For many newcomers, opting for platforms that function akin to traditional banks – where users can input their data and funds, leaving the platform to manage the rest – offered a simplistic entry point. Instead of grappling with concepts like hash functions and managing key pairs, most individuals gravitated toward user-friendly centralized platforms. These platforms cloak the complexities of digital currencies, presenting them in a format similar to fiat money within a banking application.

Cryptocurrency exchanges have been the primary entry point into the crypto world for many newcomers. Most users initially opt for centralized exchanges due to their user-friendly interfaces. However, with the occurrence of major exchange closures, attention has shifted towards the growing DeFi sector. In decentralized finance, exchanges and passive income methods operate without centralized control. While decentralized exchanges like Uniswap and PancakeSwap have gained popularity, centralized exchanges continue to dominate the scene.

The concerning aspect of this landscape is the sluggish development of regulations for centralized crypto exchanges. This slow progress leaves users inadequately protected against potential counterparty risks in the cryptocurrency sphere.

How to Avoid Counterparty Risk?

Although counterparty risk exists, there are strategies to minimize its impact. For users of centralized crypto platforms, ensuring transparency and solvency is crucial. Choosing platforms that openly address security measures can provide reassurance that any potential losses due to hacks will be compensated promptly. Researching authentic user reviews and observing how companies respond to negative feedback can also aid in risk mitigation. Opting for customer-centric platforms can enhance user protection.

Alternatively, eliminating trust-related risks is possible by utilizing non-custodial platforms. This involves storing cryptocurrency in self-custody wallets, conducting token exchanges through decentralized exchanges (DEXs), and leveraging DeFi platforms for income generation. It is important to note that using oracles in DeFi platforms still carries a high counterparty risk as oracles rely on off-chain data sources.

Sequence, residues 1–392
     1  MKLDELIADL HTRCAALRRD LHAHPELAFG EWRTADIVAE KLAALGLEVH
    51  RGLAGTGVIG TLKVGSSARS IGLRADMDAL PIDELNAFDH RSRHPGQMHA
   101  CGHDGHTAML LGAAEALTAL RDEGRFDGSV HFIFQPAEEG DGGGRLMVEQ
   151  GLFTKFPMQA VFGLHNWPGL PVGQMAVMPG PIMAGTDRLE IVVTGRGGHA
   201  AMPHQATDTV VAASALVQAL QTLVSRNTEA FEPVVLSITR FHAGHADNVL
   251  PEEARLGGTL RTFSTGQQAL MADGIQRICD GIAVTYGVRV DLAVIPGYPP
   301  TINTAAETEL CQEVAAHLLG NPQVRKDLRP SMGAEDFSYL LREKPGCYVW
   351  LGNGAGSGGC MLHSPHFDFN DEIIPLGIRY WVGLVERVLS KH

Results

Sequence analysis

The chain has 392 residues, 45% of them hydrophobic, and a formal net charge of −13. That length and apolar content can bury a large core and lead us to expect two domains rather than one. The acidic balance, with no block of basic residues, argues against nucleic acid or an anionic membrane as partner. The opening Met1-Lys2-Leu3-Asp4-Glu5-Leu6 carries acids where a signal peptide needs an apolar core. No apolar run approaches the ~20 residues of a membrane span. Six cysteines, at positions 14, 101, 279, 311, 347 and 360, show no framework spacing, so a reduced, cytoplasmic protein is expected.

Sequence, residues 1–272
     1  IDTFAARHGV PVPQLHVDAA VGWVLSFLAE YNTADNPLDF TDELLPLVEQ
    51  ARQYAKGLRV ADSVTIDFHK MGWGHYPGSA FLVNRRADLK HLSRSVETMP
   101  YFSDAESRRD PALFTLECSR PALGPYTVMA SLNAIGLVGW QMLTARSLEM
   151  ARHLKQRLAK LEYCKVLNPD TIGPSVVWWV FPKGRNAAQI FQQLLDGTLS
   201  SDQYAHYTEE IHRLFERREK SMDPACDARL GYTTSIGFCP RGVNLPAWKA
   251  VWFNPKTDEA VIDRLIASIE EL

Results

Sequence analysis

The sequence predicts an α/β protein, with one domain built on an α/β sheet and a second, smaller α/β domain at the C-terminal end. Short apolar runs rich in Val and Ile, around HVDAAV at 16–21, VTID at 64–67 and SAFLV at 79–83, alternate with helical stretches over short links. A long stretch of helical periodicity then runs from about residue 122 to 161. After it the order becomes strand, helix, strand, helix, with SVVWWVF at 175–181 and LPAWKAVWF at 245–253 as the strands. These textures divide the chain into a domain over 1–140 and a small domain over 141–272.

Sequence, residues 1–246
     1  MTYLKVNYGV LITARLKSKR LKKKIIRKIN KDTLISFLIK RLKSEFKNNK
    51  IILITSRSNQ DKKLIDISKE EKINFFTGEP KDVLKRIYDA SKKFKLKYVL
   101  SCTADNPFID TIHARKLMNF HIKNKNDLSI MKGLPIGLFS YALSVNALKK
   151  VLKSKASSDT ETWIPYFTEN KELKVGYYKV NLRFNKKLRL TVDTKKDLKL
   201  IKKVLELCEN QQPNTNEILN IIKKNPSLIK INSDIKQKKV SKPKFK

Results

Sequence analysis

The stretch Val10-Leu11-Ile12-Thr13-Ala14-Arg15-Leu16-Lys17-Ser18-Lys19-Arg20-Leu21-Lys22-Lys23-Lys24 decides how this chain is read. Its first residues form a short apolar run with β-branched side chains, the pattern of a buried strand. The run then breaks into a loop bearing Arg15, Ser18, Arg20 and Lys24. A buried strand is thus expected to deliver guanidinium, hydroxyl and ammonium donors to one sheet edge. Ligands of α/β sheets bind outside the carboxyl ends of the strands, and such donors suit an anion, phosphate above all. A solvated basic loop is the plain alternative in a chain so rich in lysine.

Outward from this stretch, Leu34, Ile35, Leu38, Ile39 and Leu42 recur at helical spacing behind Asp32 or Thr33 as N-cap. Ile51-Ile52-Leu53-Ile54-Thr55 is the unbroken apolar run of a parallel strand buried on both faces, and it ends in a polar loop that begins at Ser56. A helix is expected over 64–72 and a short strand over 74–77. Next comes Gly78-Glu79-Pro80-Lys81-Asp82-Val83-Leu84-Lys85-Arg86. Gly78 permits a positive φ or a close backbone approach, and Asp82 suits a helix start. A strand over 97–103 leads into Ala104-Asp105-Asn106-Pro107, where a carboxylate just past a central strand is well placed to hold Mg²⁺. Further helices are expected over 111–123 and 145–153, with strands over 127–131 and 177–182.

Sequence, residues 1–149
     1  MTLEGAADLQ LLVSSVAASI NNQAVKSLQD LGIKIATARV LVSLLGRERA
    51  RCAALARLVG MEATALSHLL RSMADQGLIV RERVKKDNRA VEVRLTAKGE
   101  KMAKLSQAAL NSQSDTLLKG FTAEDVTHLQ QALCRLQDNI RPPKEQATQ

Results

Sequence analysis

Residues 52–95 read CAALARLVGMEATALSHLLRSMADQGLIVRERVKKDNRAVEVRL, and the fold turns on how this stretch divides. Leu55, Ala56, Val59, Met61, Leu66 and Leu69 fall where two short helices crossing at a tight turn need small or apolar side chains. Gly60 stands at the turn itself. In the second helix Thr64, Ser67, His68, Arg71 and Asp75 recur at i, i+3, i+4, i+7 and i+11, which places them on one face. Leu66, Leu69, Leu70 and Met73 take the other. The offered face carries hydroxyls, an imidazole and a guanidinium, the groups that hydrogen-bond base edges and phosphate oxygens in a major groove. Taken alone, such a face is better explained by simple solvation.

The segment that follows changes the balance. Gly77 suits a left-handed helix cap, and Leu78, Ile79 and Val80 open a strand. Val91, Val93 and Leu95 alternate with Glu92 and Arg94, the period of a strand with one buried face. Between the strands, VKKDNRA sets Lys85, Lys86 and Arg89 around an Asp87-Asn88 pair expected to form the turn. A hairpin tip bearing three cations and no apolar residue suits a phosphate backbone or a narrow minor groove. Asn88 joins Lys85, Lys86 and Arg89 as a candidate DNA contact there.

FRWT Self-custody Wallet

The FRWT Self-Custody Wallet, developed by Freewallet and launched in February 2024, offers a comprehensive crypto management solution. This wallet boasts a wide range of features that streamline various tasks without requiring users to switch between multiple platforms, all while safeguarding personal data and private keys.

With the FRWT wallet, users can store and manage over 1,000 cryptocurrencies across 15 different blockchains. Custom blockchain additions are also supported, enabling users to incorporate tokens not listed on the standard roster. Additionally, the wallet facilitates cryptocurrency purchases through partnered platforms like Banxa and Moonpay.

Featuring instant swaps, the wallet allows for hassle-free token exchanges without the need for third-party exchanges or KYC procedures. Users can monitor their portfolios, track market trends, and execute quick token exchanges effortlessly. Importantly, FRWT incurs no additional charges beyond network fees, offering a cost-effective solution for crypto management. By keeping keys and data secure on users’ devices rather than centralized servers, the FRWT wallet minimizes the risk of data breaches even in the unlikely event of a server compromise.

In order to regain access to your wallet in case of a lost device or to use it on a different device, you will need a seed phrase. This phrase, composed of 15 words, acts as the key to your assets. It is important to write down the seed phrase when you first use FRWT and to number each word, as certain security procedures may require you to identify specific words by their corresponding numbers from your mnemonic phrase.

The only instance where you might encounter counterparty risk while using FRWT is during cryptocurrency purchases. However, we have partnered with the most reputable entities for crypto acquisitions.


Counterparty risk pertains to the possibility that your transaction counterpart may fail to fulfill their obligations.

Cryptocurrencies were created to combat counterparty risks by promoting decentralization and removing intermediaries. Nevertheless, the majority of individuals opt for centralized crypto platforms due to their user-friendly interfaces and minimal technical requirements. As a result, approximately 80% of crypto transactions flow through centralized platforms that are susceptible to counterparty risks.

To mitigate this risk, individuals can select the most transparent centralized platform or choose to utilize decentralized or self-custody platforms like the FRWT web3 wallet.